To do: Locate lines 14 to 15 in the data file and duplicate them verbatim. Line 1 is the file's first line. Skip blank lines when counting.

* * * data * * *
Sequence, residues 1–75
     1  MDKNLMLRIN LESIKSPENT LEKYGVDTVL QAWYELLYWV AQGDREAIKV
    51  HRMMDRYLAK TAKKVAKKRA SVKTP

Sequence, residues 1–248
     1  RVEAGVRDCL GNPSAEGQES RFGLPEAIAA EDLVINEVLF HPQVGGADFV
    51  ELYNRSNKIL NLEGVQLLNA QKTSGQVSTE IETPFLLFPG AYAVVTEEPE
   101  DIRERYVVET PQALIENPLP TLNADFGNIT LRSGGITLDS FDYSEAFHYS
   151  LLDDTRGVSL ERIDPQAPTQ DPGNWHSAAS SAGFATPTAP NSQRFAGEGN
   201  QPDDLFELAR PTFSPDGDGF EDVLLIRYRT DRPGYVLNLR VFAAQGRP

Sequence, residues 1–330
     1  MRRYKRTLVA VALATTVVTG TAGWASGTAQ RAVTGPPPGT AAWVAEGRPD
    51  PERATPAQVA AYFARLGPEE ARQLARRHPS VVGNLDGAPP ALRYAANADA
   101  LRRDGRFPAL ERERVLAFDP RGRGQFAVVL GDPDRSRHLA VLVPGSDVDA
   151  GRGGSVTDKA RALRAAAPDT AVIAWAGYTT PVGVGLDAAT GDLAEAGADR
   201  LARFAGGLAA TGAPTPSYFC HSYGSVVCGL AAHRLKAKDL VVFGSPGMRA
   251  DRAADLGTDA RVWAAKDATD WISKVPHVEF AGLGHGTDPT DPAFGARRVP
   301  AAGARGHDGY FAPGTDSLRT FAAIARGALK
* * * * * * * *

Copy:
   151  GRGGSVTDKA RALRAAAPDT AVIAWAGYTT PVGVGLDAAT GDLAEAGADR
   201  LARFAGGLAA TGAPTPSYFC HSYGSVVCGL AAHRLKAKDL VVFGSPGMRA